Waterkloof started as an idea by Paul Boutinot (French name, actually from Manchester) to find a vineyard site "with the potential to produce truly fine wine with a defining sense of origin". The site had to be able to produce great grapes without the artificial ever present assistance of man; to "turn those grapes into wine with minimal intervention and maximum care". In 2003 this site, Waterkloof, was found in South Africa, near Stellenbosch, overlooking False Bay and the South Atlantic beyond.
Waterkloof is fully biodynamic. Half the estate is left to the native wilderness and in 2008 was awarded Champion Status by the WWF's Biodiversity and Wine Initiative. The wines have a lovely fresh, natural acidity and minerality. Sauvignon Blanc is the grape producing the best wines - elegant, fresh, complex and uniquely having the ability to age and develop. Paul also found the site perfect for Cabernet Franc, the lovely red, crunchy grape synonymous with the Loire Valley and Saint-Emilion in France. Again the freshness and sense of place come through.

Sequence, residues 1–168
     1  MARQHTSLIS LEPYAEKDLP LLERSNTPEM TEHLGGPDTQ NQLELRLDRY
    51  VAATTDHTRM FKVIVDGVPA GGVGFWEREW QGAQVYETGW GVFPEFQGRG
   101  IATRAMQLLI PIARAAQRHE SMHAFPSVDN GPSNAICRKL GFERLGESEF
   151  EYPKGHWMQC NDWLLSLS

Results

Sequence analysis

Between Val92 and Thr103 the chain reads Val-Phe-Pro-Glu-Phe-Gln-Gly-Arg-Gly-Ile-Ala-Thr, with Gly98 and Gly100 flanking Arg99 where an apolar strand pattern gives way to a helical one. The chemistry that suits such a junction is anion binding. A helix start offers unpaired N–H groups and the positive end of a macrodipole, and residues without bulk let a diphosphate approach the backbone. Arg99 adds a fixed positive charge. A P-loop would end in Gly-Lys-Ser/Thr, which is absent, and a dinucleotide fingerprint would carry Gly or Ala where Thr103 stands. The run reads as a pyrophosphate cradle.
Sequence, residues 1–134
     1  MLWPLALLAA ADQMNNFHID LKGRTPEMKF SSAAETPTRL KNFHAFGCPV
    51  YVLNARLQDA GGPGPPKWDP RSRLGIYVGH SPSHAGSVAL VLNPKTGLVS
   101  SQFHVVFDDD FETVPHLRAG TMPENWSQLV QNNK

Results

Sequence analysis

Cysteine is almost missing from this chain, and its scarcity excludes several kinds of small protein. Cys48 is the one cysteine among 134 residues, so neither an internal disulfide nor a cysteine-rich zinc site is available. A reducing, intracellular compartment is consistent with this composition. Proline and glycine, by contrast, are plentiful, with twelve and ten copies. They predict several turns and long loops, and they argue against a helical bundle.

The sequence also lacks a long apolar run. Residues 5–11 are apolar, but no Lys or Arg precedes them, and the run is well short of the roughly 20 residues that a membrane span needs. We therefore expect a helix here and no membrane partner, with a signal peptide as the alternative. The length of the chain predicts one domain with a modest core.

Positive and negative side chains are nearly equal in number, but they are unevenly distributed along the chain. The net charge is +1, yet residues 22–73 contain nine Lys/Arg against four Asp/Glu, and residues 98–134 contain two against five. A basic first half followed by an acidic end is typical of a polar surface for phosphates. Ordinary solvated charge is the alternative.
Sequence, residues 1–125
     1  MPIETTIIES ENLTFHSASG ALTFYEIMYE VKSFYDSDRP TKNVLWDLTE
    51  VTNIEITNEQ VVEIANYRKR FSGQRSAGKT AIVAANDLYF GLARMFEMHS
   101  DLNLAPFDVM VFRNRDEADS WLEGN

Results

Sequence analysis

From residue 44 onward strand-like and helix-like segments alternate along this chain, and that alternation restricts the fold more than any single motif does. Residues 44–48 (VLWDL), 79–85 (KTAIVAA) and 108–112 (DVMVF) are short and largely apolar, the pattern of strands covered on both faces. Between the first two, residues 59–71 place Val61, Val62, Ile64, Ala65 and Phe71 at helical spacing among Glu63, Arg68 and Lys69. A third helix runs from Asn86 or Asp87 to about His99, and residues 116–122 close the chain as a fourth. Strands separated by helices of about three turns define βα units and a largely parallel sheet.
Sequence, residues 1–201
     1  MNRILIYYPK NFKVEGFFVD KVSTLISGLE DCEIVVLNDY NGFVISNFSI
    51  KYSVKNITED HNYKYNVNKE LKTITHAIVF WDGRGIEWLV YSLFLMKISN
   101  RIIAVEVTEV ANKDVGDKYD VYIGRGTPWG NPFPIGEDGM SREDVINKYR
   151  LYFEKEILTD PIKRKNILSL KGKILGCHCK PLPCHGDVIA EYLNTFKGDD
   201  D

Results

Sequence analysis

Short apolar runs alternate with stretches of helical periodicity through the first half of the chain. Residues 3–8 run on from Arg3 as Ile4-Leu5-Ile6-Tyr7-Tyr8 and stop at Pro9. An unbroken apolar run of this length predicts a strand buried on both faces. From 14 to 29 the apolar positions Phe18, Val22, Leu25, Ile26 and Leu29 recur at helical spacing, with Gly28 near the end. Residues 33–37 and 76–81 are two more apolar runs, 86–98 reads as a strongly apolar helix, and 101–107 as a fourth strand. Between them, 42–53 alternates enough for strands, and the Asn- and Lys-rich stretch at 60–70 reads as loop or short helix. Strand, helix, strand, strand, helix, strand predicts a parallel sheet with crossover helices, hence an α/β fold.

These wines aren't tiny production, wacky, natural things made by chaps with beards. Waterkloof is an excellent example of a 21st century winery making sustainable great wines with a sense of place.